An Idea Whose Time Has Come: Bring the Olympics Home –


ATHENS – The world is filled with problems, and while there are always good ideas and solutions floating around, it is a tragic fact that the latter seldom see the light of day, let alone implementation. Thankfully, there are people who emerge to spearhead movements that result in real change. In these complex days, one of them is Theotoki Titi Ntolaptsi, Founding President of OlympicoVision.

Among the disruptions caused by the COVID pandemic was postponement of the 2020 Olympics in Tokyo which brought the issues of the modern Olympic movement into the spotlight – including new calls for the Summer Olympics to be permanently hosted in Greece. That is the cause championed by OlympicoVision, which was established on December 8, 2020.

Ntolaptsi told The National Herald that she is picking up the ball tossed into play in 1976 by Konstantinos Karamanlis when he was prime minister. He wrote to then-president of the International Olympic Committee, Lord Killanin about the idea, but the IOC said the idea was unacceptable, ”arguing that the principles of the Olympic spirit impose its dissemination in all countries and their permanent performance in one country would be an obstacle to the widespread dissemination of Olympic ideals,” according to the group’s website,

Theotoki NtolaptsiNtolaptsi has a strong response: while Greece will be the Permanent Host Country, a different country would be the organizer each time, putting its cultural stamp and infusing its national flavor into the games. She said, “while those countries won’t be making money off ticket sales, they will benefit from the prestige of the games and the projection of that country’s image around the world,” though their association with the renaissance of the Olympic games.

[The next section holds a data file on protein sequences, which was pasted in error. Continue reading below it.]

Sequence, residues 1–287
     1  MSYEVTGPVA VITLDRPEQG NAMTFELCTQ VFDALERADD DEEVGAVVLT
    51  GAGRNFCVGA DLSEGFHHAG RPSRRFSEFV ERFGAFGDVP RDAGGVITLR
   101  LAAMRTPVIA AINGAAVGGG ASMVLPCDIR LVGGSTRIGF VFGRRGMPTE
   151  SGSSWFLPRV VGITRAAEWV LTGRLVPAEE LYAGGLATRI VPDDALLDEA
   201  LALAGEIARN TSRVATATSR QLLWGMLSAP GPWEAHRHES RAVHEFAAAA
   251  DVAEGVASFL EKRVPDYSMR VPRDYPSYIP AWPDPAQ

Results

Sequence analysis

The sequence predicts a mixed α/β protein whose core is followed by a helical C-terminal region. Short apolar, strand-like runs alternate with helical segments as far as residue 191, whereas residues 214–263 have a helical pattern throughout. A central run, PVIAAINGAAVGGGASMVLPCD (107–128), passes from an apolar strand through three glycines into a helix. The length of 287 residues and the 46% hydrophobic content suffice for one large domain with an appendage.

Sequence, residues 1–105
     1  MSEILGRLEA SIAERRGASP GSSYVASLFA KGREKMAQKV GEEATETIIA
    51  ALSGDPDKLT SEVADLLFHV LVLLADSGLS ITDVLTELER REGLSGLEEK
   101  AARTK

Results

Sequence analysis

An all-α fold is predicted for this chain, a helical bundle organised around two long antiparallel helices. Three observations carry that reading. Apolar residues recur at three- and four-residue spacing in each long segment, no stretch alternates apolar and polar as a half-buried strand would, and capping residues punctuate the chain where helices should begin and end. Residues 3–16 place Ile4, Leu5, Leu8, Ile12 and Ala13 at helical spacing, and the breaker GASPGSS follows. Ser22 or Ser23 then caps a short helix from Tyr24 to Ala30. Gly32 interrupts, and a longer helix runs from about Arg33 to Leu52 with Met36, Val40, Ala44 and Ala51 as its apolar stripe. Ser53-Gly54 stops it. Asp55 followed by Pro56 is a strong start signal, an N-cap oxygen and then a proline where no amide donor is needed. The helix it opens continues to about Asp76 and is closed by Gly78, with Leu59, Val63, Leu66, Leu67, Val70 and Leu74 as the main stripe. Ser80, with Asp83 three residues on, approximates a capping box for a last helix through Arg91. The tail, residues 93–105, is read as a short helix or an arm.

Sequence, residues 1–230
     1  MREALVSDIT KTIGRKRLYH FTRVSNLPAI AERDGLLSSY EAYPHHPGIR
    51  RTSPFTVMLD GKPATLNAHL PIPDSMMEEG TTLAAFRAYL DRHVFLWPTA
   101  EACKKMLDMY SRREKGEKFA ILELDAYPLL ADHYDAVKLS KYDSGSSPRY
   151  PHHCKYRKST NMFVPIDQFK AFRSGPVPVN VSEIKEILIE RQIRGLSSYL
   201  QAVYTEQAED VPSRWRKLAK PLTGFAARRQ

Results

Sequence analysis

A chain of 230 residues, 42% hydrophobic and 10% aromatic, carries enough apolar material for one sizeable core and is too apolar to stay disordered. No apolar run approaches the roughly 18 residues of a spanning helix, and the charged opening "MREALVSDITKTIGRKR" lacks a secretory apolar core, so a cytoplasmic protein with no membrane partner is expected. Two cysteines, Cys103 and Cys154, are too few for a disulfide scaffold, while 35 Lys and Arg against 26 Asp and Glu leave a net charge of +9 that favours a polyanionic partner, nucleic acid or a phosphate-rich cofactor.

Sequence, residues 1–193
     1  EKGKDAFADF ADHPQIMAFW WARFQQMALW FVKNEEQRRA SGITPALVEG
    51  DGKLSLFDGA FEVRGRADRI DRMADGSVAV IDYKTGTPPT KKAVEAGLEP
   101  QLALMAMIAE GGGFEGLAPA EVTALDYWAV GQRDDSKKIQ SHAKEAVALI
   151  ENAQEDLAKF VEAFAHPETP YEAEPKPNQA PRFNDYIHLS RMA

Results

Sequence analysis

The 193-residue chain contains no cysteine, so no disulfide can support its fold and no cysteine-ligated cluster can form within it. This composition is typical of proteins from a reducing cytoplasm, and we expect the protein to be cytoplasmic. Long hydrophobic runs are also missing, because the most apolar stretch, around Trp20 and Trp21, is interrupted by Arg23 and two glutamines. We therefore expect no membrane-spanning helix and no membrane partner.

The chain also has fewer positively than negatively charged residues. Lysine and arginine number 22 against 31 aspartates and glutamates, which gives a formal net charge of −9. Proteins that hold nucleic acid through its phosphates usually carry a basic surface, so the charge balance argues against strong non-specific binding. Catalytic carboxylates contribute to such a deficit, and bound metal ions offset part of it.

“This is the ideal time,” she said, “when a pandemic and economic crisis has disrupted the whole planet,” when it became clearer than ever that even rich countries – which will have new post-pandemic priorities – struggle with Olympic cost and debt.

“It must also be noted that the Olympics have lost their glamor and charm through the years. There are even movements being formed against the Games… the bonds of Olympism have weakened and the games have lost their role of bringing people together.”

Because that goal is now more important than ever, she believe the Olympics, which have become mired in politics and commercialism, “must return to the principles of Olympism – and where can that happen? Here in our country. They must return here.”

OlympicoVision currently has a three-person Board: Ntolaptsi is the president, Lamprini Poligeni is Vice president, and Effrosyni Kitzoglou serves as secretary.

Among the influencers who have embraced the idea is Paul Glastris, editor-in-chief of Washington Monthly, who has devoted numerous interviews on the topic in the podcasts of the Hellenic American Leadership Council (HALC). But he emphasizes that if the Greek Government and party leaders don’t make the demand, and if the media does not promote the issue, the goal will not be achieved.